Gloria, Branden Jacobs-Jenkins’ dark comedy about the hyper-competitive atmosphere among the millennial employees at a major publication, wraps up its run at The Goodman Theatre this weekend. It was widely praised in its original staging at the Vineyard Theatre in New York, but reaction from Chicago-based theatre critics has been mixed. Having seen the play last weekend, I can understand why there are conflicting opinions of it.
The cast members (imported from Vineyard) do well with the sharp and true-to-life dialogue Jacobs-Jenkins has provided, resulting in a lot of funny conversations. Director Evan Cabnet maintains a steady pace to keep the audience engaged, and creates the disturbing climax of Act One with accelerated tension and well-executed (pun intended) violence. Still, the impact of that scene will likely be less powerful for anyone who has read the aforementioned reviews or even seen the Gloria newspaper ads.
We sense early on that Gloria, who is not a major character, will justify having the play named for her by carrying out some sort of mass attack. The only question is who her victims will be. Jacobs-Jenkins continues to mine dark humor throughout the second half by exploring how the survivors scheme to cash in on their fellow workers’ misfortune. But the final scene misfires by bringing back Lorin, a previously minor character who could have been one of Gloria’s multiple fatalities for all the audience knew, to provide a moral center. The main characters are all evil, deranged, or deceased.
Showing up as a temp at a Los Angeles-based film company two years later, Lorin is outraged to discover that Nan, an editor at his former company, is on the verge of signing a major deal for her account of the mass murder. He offers extensive and previously unavailable information to discredit her, including things that don’t make much sense. Lorin claims that the only action upper management at his former company took after being informed that an employee was seen loading a gun was to send an e-mail to managers warning them to lock themselves in their bullet-proof offices.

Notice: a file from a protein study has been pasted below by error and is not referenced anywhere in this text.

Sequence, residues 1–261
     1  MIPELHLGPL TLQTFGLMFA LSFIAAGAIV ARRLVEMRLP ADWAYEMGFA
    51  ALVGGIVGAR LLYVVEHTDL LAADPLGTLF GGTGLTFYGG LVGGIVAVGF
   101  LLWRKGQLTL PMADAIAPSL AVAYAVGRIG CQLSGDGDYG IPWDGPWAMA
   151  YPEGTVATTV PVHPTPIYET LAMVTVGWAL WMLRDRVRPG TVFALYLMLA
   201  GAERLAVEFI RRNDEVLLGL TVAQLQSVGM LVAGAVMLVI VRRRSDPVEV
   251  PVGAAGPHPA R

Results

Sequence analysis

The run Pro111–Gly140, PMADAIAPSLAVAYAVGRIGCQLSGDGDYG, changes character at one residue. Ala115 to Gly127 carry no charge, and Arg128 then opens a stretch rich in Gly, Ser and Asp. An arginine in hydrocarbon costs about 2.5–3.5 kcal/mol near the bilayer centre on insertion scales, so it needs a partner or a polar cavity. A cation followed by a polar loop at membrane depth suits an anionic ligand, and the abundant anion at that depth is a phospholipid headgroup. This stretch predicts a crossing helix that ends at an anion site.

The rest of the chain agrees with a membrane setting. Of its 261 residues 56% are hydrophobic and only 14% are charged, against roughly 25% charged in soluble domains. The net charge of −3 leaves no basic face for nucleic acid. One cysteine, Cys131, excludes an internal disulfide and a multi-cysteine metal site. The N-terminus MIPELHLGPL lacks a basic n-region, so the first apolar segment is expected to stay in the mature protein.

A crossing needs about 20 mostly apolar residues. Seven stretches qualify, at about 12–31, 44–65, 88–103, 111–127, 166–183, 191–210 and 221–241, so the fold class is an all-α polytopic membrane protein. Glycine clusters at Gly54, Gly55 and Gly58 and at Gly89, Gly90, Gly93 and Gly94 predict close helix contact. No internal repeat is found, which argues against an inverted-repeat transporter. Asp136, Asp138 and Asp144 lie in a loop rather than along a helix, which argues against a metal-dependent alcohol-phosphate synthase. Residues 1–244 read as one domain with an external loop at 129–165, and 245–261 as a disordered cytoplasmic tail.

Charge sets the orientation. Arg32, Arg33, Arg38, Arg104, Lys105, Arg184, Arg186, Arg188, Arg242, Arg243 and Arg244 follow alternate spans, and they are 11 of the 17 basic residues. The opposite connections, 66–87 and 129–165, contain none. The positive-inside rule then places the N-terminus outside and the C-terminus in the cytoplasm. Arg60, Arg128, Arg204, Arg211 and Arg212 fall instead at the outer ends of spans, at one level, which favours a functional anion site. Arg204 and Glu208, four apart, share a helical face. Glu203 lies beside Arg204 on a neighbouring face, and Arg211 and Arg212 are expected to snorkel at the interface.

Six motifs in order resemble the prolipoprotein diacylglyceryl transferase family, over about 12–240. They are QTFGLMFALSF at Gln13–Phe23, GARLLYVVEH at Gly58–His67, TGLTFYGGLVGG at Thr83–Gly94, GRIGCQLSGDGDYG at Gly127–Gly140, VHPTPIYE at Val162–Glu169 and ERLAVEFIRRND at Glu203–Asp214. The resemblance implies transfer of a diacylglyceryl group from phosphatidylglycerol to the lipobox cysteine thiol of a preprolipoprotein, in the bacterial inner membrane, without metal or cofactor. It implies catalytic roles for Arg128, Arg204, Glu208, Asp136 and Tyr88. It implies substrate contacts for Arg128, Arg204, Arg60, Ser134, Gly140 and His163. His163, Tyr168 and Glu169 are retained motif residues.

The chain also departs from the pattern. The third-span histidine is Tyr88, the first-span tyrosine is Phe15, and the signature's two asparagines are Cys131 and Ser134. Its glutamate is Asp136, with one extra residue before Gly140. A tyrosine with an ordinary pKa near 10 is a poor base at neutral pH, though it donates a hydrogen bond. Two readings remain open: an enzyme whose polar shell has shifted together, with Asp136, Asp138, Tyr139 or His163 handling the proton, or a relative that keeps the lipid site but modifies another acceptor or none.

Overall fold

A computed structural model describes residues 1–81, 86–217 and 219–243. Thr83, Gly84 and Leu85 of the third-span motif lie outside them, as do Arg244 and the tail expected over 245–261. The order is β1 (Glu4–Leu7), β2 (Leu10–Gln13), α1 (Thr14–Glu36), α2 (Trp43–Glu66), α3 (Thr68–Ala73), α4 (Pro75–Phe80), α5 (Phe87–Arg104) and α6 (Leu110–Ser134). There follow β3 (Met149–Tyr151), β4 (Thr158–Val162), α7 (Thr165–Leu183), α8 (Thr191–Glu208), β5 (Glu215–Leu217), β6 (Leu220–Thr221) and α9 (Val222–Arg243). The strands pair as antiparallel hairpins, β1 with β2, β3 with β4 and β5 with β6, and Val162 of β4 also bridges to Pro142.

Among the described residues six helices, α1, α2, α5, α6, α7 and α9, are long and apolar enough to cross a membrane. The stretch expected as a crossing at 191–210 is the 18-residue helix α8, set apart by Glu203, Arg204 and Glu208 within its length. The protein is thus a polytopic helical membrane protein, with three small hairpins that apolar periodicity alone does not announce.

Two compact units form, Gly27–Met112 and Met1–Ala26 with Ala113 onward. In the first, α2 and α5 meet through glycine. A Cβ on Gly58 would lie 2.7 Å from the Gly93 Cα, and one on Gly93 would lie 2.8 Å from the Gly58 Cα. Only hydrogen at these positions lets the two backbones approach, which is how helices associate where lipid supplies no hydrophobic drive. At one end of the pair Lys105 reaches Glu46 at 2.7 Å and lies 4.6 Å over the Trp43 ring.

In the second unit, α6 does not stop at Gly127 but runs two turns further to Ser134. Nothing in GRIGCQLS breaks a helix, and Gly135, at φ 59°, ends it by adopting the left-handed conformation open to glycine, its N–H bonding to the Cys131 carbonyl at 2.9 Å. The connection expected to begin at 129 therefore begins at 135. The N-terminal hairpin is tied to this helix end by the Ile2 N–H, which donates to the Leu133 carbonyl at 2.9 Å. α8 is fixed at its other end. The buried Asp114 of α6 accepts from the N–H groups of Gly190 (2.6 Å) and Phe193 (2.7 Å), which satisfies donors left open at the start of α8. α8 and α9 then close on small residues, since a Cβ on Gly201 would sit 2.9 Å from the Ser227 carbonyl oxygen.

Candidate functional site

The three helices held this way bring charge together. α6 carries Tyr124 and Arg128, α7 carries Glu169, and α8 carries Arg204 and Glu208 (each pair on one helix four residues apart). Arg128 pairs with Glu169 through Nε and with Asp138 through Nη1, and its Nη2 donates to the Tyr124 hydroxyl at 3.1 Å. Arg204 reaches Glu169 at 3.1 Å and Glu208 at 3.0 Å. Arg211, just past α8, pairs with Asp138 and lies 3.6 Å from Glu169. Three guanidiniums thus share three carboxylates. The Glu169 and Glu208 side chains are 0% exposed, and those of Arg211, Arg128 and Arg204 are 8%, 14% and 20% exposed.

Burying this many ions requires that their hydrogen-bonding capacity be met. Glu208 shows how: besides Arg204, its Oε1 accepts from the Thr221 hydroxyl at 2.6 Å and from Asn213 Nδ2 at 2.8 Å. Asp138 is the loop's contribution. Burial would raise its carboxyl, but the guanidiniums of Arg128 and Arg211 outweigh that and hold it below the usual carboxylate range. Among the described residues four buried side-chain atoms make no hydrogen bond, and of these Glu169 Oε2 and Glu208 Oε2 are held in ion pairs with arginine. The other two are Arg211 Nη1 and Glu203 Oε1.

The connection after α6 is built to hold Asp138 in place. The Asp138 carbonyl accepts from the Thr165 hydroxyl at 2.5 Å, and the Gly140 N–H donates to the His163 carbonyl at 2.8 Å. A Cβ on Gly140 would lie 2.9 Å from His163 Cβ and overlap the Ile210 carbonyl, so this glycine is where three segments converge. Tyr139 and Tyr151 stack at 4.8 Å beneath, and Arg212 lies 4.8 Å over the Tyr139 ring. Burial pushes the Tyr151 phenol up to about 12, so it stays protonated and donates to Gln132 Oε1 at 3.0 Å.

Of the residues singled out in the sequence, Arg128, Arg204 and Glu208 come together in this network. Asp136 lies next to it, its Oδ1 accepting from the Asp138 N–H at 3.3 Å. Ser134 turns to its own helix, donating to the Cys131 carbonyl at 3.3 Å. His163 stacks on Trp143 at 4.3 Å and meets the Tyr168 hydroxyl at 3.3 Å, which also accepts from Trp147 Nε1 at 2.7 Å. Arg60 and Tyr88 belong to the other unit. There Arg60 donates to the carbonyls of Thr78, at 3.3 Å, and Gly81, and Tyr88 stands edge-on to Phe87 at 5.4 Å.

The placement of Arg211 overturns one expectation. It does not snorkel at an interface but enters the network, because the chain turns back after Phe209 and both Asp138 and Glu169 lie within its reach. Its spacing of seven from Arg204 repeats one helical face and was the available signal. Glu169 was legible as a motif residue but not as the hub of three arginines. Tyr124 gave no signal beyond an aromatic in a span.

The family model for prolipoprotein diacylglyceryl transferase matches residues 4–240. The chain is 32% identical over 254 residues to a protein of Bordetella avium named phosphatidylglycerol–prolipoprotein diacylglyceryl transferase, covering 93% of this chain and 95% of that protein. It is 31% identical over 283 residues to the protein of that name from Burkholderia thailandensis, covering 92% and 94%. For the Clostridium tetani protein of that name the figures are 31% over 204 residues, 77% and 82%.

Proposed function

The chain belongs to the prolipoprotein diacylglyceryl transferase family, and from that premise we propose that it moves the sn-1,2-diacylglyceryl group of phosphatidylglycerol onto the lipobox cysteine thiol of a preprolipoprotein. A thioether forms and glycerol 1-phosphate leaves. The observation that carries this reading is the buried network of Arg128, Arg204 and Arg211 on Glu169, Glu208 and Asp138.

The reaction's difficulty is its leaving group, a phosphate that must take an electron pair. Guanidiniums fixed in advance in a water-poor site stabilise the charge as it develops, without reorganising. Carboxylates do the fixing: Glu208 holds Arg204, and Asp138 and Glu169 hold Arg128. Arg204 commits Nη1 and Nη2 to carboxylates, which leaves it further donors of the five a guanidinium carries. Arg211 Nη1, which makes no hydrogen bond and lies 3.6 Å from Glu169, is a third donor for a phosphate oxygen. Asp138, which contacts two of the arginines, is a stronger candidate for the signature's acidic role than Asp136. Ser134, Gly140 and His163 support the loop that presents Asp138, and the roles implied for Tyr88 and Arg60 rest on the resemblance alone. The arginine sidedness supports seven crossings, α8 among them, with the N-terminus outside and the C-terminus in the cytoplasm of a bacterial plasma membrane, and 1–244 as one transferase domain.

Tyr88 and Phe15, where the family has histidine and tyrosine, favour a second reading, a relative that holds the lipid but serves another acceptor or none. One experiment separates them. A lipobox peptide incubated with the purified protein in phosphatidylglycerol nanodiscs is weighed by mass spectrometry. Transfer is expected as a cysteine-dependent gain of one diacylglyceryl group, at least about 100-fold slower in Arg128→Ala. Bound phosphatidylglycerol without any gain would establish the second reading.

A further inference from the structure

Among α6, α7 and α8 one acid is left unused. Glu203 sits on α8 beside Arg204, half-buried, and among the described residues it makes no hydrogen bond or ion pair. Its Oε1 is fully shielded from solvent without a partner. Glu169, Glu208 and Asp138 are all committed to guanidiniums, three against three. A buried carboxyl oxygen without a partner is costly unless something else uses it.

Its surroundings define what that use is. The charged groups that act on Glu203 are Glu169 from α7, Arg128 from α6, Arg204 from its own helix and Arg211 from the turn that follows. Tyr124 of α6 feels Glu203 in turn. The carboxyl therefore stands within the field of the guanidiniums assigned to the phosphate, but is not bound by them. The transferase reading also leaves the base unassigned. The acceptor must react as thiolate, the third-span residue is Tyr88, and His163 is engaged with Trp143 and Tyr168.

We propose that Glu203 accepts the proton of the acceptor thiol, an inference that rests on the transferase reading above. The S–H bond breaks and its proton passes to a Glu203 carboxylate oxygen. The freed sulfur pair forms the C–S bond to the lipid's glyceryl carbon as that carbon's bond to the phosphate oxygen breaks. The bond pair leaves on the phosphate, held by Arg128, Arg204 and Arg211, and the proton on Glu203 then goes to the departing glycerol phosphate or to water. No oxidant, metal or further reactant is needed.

The concept of abandoning the rank and file to a serial killer definitely qualifies as dark humor, but would any company really send an easily traceable message that could result in millions of dollars in lawsuits? And how many nongovernment offices even have bulletproof windows for their managers? Plus, by the time Nan’s script could be made into a movie, at least three years would have passed since the incident. There’s a comment earlier in the second act that people will forget Gloria’s killing spree as soon as the next massacre takes place in America. There’s a chilling truth in that observation, but it also undermines one of the play’s main themes.